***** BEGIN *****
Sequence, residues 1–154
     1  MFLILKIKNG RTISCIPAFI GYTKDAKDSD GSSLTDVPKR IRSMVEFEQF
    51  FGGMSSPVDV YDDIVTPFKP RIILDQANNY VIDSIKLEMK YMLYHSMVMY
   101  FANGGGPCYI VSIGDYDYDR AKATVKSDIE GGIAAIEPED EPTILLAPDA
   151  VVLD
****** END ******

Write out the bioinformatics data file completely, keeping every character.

Sequence, residues 1–154
     1  MFLILKIKNG RTISCIPAFI GYTKDAKDSD GSSLTDVPKR IRSMVEFEQF
    51  FGGMSSPVDV YDDIVTPFKP RIILDQANNY VIDSIKLEMK YMLYHSMVMY
   101  FANGGGPCYI VSIGDYDYDR AKATVKSDIE GGIAAIEPED EPTILLAPDA
   151  VVLD